SENATOR HARTNETT:  That was ...  I met with my school administrators and school board and they ...  cause we're kind of growing a little bit, they had some concern about, you know, the building.


SENATOR SCHELLPEPER:  A little bit or a lot.


SENATOR HARTNETT:  A lot.  (laughter)


SENATOR COORDSEN:  Okay.  Any other questions by the Committee?  Seeing none, thank you, George.  Is there anyone here who would like to testify in support of LB 289?  Is that was I said?  (LB)269.  Well, heavens, I was within a hundred.  That's pretty close.  (LB)269?  I'll plead trifocals.  Does that give me any kind of leeway?  Anyone here to provide testimony in opposition to LB 269?  Seeing none, anyone to provide neutral comments?  Okay, Mr.  Kemper, please come forward.  Sign in.  I guess I forgot to announce, in the event that there's someone here who has not appeared before a legislative committee before, we have a witness pad that we ask for you to sign in, print your name, and then state your name for the record because there are


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employees of the Legislative Council that transcribe everything that's said here; and to ensure accuracy, if you have a name that might be difficult to determine the correct spelling, if you would spell it for their purpose, it would be helpful for accuracy in the future.  Mr.  Kemper, it's all yours.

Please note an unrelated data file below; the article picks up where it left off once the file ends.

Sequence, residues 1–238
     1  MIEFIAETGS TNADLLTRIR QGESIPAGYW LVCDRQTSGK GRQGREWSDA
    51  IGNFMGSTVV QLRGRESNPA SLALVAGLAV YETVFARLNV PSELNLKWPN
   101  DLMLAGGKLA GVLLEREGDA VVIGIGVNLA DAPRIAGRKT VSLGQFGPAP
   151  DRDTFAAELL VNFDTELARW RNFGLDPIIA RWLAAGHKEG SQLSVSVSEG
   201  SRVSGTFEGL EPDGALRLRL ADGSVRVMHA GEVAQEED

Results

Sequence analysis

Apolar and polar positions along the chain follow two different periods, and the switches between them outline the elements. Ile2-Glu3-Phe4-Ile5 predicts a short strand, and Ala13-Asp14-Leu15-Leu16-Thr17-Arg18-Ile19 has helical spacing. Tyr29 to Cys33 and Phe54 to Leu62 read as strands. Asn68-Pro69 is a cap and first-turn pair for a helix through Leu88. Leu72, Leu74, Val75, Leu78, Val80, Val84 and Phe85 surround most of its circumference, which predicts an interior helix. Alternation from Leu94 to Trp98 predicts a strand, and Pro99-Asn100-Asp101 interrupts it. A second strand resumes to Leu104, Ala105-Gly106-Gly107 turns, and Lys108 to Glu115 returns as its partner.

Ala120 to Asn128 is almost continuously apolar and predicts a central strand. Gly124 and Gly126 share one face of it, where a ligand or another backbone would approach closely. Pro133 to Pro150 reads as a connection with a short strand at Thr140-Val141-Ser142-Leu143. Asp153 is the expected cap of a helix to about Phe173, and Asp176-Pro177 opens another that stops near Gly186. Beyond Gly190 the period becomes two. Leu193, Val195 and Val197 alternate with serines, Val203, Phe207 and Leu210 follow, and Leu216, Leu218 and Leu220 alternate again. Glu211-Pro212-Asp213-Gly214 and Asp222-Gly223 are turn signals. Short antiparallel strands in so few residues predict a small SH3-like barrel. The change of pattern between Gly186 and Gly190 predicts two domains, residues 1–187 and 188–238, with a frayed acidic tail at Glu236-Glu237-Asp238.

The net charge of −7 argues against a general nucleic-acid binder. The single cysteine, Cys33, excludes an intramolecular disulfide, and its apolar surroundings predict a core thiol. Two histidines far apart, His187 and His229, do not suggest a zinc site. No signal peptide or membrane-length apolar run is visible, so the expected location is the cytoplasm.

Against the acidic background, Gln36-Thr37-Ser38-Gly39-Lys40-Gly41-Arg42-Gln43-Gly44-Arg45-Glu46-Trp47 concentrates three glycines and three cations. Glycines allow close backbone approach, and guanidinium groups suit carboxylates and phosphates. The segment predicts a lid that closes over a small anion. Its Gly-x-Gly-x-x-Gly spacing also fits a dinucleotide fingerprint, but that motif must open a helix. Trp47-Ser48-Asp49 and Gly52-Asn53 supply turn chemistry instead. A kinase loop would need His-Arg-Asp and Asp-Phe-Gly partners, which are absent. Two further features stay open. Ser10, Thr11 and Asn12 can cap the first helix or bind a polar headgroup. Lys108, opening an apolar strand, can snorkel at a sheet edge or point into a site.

TIM KEMPER:  (Exhibit 1) Chairman Coordsen and members, thank you.  I appreciate the opportunity to appear today.  I am appearing neutral in that there are some items of concern that we have about LB 269 and these are neither comments in support of the bill or in opposition to them, but things that we want to express to the committee.  My testimony, folks, is on three main aspects of the bill, one of which George has already covered fairly well.  We, along with other school districts, do...  are interested in the Committee's view of how the amendment in 269 squares with Commissioner Christensen's advisory letter.  Boards such as ours have used that information in planning budgets for the future and building projects are the kinds of things that you do plan over a long period of time.  So, we would just urge the Committee to make clear whether or not we can continue to rely on the understanding that was expressed in that advisory letter as we plan our building funds into the future.  The second issue has to do with the process as set forward last year in LBs 1085 and 693 for setting levies in affiliated school systems, in particular.  As the law was passed, there was a very short time frame for holding a certain hearing.  It had to be done between the tenth and the twentieth of September and then, as George alluded, because of an interpretation by the state auditor, we only had until the twentieth to actually set that levy; and I think that was something Senator Coordsen was making reference to.  In some areas that caused considerable concern.  We certainly support the initiative to move the levy setting clearly back into October to give us the time to do those functions that we learned this last year how to do in setting the levies for affiliated school systems.  We do, however, still have a concern about the September 15 deadline for holding the hearing in an affiliated-system to set that levy; and we would simply urge that the Committee reconcile that fifteenth deadline with the October 31 deadline to allow our boards to have that hearing in conjunction with regularly scheduled board meetings.  it just so happens that the five-day period this coming year